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Celebrating the Bi Community

Supportign bivisibility day

This annual event on 23 September has been marked by the University every year since 2012.

Bi-Visibility Day has been marked nationally since 1999 and is a call for the bisexual community, their friends and supporters to recognise and celebrate bisexuality, bisexual history, bisexual community and culture, and all the bisexual people in their lives.

Here at the University of Manchester we have a significant bisexual population – with 2.3% declaring their sexual orientation as ‘bisexual’ in the 2019 Staff Survey.


Bi is an umbrella term used to describe a romantic and/or sexual orientation towards more than one gender.

Bi people may describe themselves using one or more of a wide variety of terms, including, but not limited to, bisexual, pan, queer, and some other non-monosexual and non-monoromantic identities.

Pan refers to a person whose romantic and/or sexual attraction towards others is not limited by sex or gender.

Queer is a term used by those wanting to reject specific labels of romantic orientation, sexual orientation and/or gender identity. It can also be a way of rejecting the perceived norms of the LGBT community (racism, sizeism, ableism etc). Although some LGBT people view the word as a slur, it was reclaimed in the late 80s by the queer community who have embraced it.

Recognising Bi-Visibility Day

You can read profiles of some of our bisexual members on our ALLOUT Profile pages or listen to an It Gets Better Podcast

We have a special Zoom background for people to use - if you would like a copy, please message or visit this page

What else can you do?

  • Take a picture of yourself with your Zoom or Teams background and Tweet it to @BiVisibilityDay using #BiVisibility.
  • Wear colours of the biflag to show support to friends and colleagues.
  • Contribute to Wikipedia - you can edit the pages of bi celebs!. This video gives a flavour of what you can do.
  • Watch the very first TED Talk on bisexuality, or this TED Talk  which looks at bi-erasure.
  • Look at these Workplace stories of AmyPierette and Stella from Stonewall about being bi in the workplace
  • Familiarise yourself with our LGB Guidance for managers.
  • Check and update your equality details in MyView and encourage others to do the same.
  • Read all about The Kinsey Scale which describes a person's sexual orientation.
  • Become a member of ALLOUT – the LGBT Staff Network Group or become an ALLOUT Ally - supporting all LGBT+ Staff – you will even learn how to be a bi-ally - plus all allies get a choice of LGBT+ lanyard to wear!  ALLOUT members who are not bi can also become a bi-ally via this route too.

Bi Bee for UoM


Bi-Visibility Day: The Journey to Becoming Visible


The 23rd September is Bi-Visibility day. You might wonder why it is needed or what you can do to help.

Bi people and bi experiences are often erased, ignored or dismissed both inside and outside the LGBTQ+ community. We are told we are ‘just being greedy’ or ‘going through a phase’ or ‘confused’; phrases that label Bi identities as shameful, performative, invalid or non-existent.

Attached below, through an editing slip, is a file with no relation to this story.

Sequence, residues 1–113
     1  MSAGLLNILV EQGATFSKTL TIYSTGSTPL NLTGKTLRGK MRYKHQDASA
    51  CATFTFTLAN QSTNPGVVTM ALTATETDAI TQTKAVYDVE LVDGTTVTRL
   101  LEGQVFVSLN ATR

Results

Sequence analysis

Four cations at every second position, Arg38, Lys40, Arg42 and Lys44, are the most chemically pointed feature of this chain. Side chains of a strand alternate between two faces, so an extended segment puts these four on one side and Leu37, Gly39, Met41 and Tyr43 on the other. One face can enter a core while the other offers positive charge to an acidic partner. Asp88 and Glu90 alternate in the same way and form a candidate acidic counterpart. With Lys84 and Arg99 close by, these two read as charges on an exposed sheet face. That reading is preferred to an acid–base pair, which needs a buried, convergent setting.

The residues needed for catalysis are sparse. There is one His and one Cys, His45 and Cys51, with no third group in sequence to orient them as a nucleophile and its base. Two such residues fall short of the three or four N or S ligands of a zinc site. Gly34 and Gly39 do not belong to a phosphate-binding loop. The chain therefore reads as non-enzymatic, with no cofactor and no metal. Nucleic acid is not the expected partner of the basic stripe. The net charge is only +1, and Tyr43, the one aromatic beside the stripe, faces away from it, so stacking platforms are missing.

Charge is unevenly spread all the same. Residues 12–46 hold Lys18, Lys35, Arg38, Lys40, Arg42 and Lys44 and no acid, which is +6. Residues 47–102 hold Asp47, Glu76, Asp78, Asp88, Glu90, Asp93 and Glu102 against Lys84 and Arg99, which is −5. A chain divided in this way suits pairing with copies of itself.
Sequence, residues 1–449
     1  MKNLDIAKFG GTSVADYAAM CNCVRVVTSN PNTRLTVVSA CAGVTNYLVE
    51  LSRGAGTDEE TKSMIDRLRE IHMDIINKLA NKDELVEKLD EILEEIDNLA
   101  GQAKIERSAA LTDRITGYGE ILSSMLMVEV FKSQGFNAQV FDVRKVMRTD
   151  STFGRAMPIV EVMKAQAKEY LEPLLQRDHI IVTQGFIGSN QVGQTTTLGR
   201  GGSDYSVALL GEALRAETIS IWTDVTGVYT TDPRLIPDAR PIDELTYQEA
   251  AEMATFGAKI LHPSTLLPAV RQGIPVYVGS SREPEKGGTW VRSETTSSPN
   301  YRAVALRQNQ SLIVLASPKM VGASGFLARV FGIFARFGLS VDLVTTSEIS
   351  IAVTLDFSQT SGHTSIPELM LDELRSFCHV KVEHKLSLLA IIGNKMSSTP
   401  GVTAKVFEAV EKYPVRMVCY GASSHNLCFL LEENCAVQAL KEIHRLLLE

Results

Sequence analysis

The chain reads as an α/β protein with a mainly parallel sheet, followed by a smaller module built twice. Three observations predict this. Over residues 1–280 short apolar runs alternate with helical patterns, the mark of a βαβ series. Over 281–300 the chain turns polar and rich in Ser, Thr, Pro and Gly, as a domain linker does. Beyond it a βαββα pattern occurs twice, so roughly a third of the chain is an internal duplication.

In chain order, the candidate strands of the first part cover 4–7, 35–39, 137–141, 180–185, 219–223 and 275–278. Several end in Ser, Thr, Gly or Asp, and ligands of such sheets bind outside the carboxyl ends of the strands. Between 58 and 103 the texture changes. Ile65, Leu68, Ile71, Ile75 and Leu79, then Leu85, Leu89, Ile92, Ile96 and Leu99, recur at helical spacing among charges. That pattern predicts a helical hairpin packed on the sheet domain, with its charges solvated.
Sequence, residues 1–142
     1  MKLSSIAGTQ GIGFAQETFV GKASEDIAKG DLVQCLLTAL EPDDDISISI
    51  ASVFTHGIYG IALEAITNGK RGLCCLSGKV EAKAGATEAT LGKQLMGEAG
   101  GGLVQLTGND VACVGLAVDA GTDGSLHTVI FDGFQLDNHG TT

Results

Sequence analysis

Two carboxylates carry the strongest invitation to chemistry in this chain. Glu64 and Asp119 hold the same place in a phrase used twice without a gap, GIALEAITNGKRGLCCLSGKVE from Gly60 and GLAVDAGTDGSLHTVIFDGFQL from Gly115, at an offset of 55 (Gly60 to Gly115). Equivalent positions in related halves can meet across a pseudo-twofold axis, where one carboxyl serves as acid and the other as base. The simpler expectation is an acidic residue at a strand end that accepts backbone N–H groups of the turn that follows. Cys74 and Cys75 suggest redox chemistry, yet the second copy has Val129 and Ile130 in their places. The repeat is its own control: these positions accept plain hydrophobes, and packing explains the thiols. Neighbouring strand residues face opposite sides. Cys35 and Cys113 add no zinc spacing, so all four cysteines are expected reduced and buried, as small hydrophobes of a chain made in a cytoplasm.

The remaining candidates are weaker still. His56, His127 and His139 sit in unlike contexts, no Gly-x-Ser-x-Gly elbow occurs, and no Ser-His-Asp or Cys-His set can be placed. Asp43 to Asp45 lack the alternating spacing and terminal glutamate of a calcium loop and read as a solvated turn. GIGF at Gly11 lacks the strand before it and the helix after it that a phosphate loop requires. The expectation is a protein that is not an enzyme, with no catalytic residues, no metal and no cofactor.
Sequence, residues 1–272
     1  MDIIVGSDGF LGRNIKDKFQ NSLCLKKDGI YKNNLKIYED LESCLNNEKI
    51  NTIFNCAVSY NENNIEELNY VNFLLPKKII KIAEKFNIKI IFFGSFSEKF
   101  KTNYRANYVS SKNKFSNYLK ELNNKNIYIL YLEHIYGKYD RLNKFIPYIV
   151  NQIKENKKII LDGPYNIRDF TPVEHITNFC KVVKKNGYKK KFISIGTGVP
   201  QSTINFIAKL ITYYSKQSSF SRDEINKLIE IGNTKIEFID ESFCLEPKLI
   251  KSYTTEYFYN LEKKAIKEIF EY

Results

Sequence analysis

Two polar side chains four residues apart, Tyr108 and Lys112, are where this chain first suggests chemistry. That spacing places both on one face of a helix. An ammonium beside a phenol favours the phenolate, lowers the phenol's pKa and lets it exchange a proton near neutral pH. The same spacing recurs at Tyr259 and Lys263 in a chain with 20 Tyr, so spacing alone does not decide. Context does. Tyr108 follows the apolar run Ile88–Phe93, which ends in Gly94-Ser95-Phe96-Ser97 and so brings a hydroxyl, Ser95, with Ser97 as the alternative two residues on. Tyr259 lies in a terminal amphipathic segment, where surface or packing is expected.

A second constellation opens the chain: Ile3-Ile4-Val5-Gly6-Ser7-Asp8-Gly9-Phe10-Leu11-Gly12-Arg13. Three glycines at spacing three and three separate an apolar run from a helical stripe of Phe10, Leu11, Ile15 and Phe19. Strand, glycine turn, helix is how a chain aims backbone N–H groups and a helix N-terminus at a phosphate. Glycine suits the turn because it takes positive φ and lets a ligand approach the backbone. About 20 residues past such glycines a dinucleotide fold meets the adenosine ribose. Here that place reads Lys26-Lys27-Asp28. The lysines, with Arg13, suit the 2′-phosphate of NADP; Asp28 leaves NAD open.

As a bisexual, cisgender woman cohabiting with a cisgender, male partner, many people make assumptions about my identity. Often, they see me as straight or devalue my attraction to people of the same and other genders because my long term partner is male.  My bi identity could quite easily be concealed, which is a blessing as well as a curse. While anonymity affords bi people a certain passing privilege, it also contributes to erasure and can be confusing, hurtful and lead people to feel that they are not living as their authentic self. There is a fabulous TEDx talk on this with Misty Gedlinske entitled Bisexuality: the invisible letter ‘B’.

When I was younger, bi role models were harder to find and I dismissed my attraction to people of the same gender because I was also attracted to people of other genders. In a heteronormative world, the obvious and easy choice was to stick with the ‘straight’ label. It’s only over the past 5 years that I have come to fully embrace my identity.

Stonewall have stated that ‘only one in five bi people are out to all their family compared to three in five gay men and lesbians’ and ‘two in five bi people hide or disguise their sexual orientation at work’. This speaks volumes about how coming out as bi is received; no one should have to explain or justify their identity. 

As a bi person, it can often feel like we don’t fit in to the communities around us. Navigating heteronormative spaces can feel challenging and LGBTQ+ spaces can feel unwelcoming. We often don’t feel like we are ‘enough’.

After spending most of my life being uncertain about how to express myself, I make the choice every day to identify openly as bisexual. For me, that choice includes the clothes I wear, the way I present myself and the lifestyle I choose to live. Personally, my journey with non-monogamy has been important to me in expressing my bisexuality although this is not the choice that everyone makes. It is important to acknowledge the diversity of experience within the bi community and accept all bi people without exception.

Ultimately, who you are and how you identify is for you (and only you!) to decide. I am hoping that through being more visible, I can help others to feel safe and supported in their journey to becoming visible as a bi person.

If you want to learn more about Bi Visibility and find out about how you can be a supportive ally, you can have a look at Stonewall’s Bi Visibility Hub.

You can contact the EDI Team with any questions or to request a bi/allies lanyard: